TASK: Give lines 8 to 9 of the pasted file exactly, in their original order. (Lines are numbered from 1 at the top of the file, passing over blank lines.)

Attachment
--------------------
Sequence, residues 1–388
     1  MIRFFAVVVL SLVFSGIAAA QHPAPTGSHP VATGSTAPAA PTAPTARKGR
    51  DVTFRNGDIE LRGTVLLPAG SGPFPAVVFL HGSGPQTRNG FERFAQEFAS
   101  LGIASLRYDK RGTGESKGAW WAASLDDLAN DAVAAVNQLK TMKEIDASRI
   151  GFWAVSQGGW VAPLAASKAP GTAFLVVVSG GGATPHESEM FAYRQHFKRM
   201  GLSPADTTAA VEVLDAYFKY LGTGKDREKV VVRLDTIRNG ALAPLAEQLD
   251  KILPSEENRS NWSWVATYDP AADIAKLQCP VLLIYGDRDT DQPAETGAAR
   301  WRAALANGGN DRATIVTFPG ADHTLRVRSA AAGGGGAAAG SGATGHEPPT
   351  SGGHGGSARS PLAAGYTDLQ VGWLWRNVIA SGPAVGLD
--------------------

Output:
   301  WRAALANGGN DRATIVTFPG ADHTLRVRSA AAGGGGAAAG SGATGHEPPT
   351  SGGHGGSARS PLAAGYTDLQ VGWLWRNVIA SGPAVGLD